The Tipper effect
The Vice President's wife has lent his campaign a human touch and fiddled a bit under the hood
By Michael Duffy/Washington
Washington is a town that loves a whodunit, and last week's mystery had it all--whispers, desperation, even reincarnation. Just who was it that prodded the starchy and straight-laced Al Gore to pluck, of all people, Tony Coelho, an affable and genuinely scandalous party veteran, to seize control of the shaky Gore presidential campaign? Was it Bill Clinton, as restless as a sidelined Michael Jordan during play-off season, who had been muttering quietly to just about everyone for weeks that his buddy Al's campaign was a mess? Was it the President's killer fund raiser and old Coelho protege, Terry McAuliffe, who fretted daily into his cell phone about the way things were going? Or, wait--maybe it was Dick Gephardt, another Coelho friend, with whom Gore has suddenly become comrades-in-arms again after a nasty Ten Years War? Surely the Speaker-in-waiting knew that Gore needed a shove, and fast--right?
The choices were almost too rich to pick from, and if you believe the Gore folks, all were off target. While each man played some part in getting the Vice President to bring Coelho aboard, Gore aides say the pivotal role belonged to the one person no one suspected--Gore's wife Tipper. Several campaign aides described Tipper as the godmother of the shuffle, the biggest fan of the deal. One added that Tipper, far more than the half-dozen bickering guys in Gore's inner circle, "knew there had to be some help in here. Somebody was needed to knock some heads."
Could this be true? Tipper Gore, fun-loving Tipper Gore, is really the secret mastermind at Gore headquarters? It was a bit hard to believe, but it at least had the virtue of being consistent with recent history. Like Hillary Clinton, who worked quietly behind the scenes to bring Dick Morris back from exile so he could rescue her struggling husband in 1994, Tipper hasn't been shy about telling her husband to snap out of it. And Tipper has been doing more than fixing things inside the Gore operation; she's also been fixing things on the outside. Just when Gore seemed to be running out of steam on the stump, Tipper has been pretty much everywhere, talking about Littleton on Larry King Live, acknowledging to USA Today and the Wall Street Journal that she has suffered from depression, traveling around the country to push mental-health reform. If it didn't have the look and feel of a campaign rollout, it certainly had the desired effect. Her depression admission--and the simple fact that she talks like a mom and not like a pol--added a human dimension to a campaign that often doesn't seem to have any.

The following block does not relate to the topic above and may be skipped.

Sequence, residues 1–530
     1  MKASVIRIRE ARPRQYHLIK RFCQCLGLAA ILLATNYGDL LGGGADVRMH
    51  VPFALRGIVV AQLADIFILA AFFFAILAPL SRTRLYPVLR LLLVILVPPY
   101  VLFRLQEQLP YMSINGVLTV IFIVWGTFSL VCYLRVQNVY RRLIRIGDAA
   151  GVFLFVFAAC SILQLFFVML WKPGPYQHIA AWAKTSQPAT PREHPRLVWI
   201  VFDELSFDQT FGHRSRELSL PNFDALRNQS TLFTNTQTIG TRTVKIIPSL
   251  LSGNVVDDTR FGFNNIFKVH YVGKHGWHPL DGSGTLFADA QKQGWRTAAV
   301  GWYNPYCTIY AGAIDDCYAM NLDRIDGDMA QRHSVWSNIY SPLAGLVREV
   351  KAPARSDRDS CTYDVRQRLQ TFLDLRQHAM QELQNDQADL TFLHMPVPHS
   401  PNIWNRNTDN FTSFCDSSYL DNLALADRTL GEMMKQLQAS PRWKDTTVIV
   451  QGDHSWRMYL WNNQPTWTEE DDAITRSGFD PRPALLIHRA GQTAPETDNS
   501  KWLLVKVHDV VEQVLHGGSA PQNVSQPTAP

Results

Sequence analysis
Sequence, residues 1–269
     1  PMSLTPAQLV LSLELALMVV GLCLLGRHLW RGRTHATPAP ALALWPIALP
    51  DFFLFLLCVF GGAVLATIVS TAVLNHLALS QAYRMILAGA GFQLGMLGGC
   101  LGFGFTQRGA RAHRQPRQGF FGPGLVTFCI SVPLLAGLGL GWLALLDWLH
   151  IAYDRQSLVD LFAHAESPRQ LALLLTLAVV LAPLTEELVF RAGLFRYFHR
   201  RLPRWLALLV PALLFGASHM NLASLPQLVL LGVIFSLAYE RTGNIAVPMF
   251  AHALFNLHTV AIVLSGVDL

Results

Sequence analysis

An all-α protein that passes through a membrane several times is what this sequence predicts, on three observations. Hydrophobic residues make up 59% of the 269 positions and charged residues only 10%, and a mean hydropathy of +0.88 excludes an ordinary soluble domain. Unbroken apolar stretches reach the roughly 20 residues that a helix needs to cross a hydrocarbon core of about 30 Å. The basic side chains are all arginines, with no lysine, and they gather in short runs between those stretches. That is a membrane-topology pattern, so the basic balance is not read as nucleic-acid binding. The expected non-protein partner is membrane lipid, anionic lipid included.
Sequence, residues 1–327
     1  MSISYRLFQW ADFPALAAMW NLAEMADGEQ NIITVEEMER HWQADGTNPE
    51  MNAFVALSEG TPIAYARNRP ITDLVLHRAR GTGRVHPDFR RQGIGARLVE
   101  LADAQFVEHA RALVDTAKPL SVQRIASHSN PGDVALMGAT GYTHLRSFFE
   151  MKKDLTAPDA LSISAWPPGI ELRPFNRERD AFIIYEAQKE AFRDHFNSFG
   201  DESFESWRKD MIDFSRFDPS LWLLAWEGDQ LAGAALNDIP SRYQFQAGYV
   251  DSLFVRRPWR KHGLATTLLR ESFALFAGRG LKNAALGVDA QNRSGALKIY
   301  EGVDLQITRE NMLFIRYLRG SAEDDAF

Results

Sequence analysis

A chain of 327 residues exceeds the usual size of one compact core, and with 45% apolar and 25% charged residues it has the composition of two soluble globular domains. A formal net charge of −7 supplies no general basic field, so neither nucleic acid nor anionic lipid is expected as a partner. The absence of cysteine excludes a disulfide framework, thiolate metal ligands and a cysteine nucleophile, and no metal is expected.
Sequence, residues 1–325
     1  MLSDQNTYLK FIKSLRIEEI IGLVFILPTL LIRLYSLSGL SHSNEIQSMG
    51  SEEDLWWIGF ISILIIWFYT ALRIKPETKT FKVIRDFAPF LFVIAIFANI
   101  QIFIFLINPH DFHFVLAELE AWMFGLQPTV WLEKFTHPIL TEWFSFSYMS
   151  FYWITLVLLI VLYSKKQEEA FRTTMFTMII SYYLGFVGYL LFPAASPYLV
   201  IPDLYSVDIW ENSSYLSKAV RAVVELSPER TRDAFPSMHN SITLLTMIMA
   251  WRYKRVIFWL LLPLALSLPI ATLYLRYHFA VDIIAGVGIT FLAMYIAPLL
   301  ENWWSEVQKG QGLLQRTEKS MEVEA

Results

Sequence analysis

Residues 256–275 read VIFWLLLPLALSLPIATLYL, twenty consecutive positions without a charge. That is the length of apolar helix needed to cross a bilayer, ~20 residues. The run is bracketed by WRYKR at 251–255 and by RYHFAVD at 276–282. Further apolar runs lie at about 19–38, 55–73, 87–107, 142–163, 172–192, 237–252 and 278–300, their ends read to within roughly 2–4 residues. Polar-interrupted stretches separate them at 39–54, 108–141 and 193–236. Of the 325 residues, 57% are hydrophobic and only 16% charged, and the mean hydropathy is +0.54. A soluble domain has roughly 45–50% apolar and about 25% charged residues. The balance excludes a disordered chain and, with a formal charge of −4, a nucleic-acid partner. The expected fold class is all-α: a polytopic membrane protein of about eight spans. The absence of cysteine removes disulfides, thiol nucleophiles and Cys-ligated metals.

Of course, just having something warm running through her veins may be one reason Tipper, and not Al, had to be the one tagged with bringing the cold-blooded Coelho aboard. Coelho, after all, is a ferocious partisan, who took no prisoners in the Reagan years and resigned from Congress in 1989 rather than face questions about how he came to purchase on favorable terms a $100,000 junk bond from a Democratic donor. Gore is stalked by campaign-finance ghosts of his own, and so it will look a bit better if Coelho turns out to be Tipper's idea and not his.
Al's first choice for the job was not Coelho, but the totally unobjectionable Commerce Secretary Bill Daley, who turned it down. When the story of the Coelho pick emerged, it came with its own Lifetime Television Network plot line: Coelho, who suffers from epilepsy and chairs the President's Committee on Employment of People with Disabilities, said he was so moved by Tipper's admission of depression that he decided to take the job. In any case, the deal was sealed when Gore, his wife and Coelho all met for two hours last Saturday at the Vice President's house. At that session, Tipper had one thing on her mind. She wanted to make sure that Coelho would really throw himself into the job so Al could concentrate on connecting with voters.
That will be a challenge, because until now, Gore seems to have been concentrating on practically everything else. Just when Bill Bradley, his only rival for the Democratic nomination, began gaining on him in the polls, the Veep became obsessed with bugs in his online- campaign Web page, www.AlGore2000.com. It took advisers a while to get him to move on to something else. But even then, he insisted on a controlling interest in a half-dozen other parts of the campaign operation, and the overall effect approached what several described as gridlock. Coelho is supposed to fix that.
How will we know if he does? That's where Clinton comes in. After carping so loudly about the Gore campaign that it became a story itself, Clinton called the New York Times last week to admit his fears had passed. "I have told him to go out and have a good time," Clinton said, as if anyone needed to be reminded that the Vice President has trouble relaxing in public.
Gore's team is at least complete. He now has Coelho to make the trains run on time and Clinton to handle the press.
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Cover Date: May 24, 1999
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